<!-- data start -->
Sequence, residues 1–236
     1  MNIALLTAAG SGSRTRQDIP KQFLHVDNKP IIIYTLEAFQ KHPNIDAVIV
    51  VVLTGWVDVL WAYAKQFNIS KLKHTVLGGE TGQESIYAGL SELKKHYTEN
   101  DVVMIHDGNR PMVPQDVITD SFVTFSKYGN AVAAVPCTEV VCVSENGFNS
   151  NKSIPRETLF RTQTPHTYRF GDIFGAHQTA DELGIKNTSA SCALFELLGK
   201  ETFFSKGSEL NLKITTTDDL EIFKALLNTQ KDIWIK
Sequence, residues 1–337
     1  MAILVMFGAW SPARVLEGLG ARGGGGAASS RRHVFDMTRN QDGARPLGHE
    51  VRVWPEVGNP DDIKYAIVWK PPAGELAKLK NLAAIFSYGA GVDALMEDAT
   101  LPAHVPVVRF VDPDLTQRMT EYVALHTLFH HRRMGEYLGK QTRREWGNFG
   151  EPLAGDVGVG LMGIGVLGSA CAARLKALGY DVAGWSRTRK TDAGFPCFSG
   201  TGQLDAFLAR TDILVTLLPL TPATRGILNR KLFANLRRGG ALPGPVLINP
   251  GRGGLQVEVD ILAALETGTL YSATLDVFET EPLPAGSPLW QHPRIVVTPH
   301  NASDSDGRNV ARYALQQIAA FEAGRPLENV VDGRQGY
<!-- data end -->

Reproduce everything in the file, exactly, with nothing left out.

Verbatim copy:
Sequence, residues 1–236
     1  MNIALLTAAG SGSRTRQDIP KQFLHVDNKP IIIYTLEAFQ KHPNIDAVIV
    51  VVLTGWVDVL WAYAKQFNIS KLKHTVLGGE TGQESIYAGL SELKKHYTEN
   101  DVVMIHDGNR PMVPQDVITD SFVTFSKYGN AVAAVPCTEV VCVSENGFNS
   151  NKSIPRETLF RTQTPHTYRF GDIFGAHQTA DELGIKNTSA SCALFELLGK
   201  ETFFSKGSEL NLKITTTDDL EIFKALLNTQ KDIWIK
Sequence, residues 1–337
     1  MAILVMFGAW SPARVLEGLG ARGGGGAASS RRHVFDMTRN QDGARPLGHE
    51  VRVWPEVGNP DDIKYAIVWK PPAGELAKLK NLAAIFSYGA GVDALMEDAT
   101  LPAHVPVVRF VDPDLTQRMT EYVALHTLFH HRRMGEYLGK QTRREWGNFG
   151  EPLAGDVGVG LMGIGVLGSA CAARLKALGY DVAGWSRTRK TDAGFPCFSG
   201  TGQLDAFLAR TDILVTLLPL TPATRGILNR KLFANLRRGG ALPGPVLINP
   251  GRGGLQVEVD ILAALETGTL YSATLDVFET EPLPAGSPLW QHPRIVVTPH
   301  NASDSDGRNV ARYALQQIAA FEAGRPLENV VDGRQGY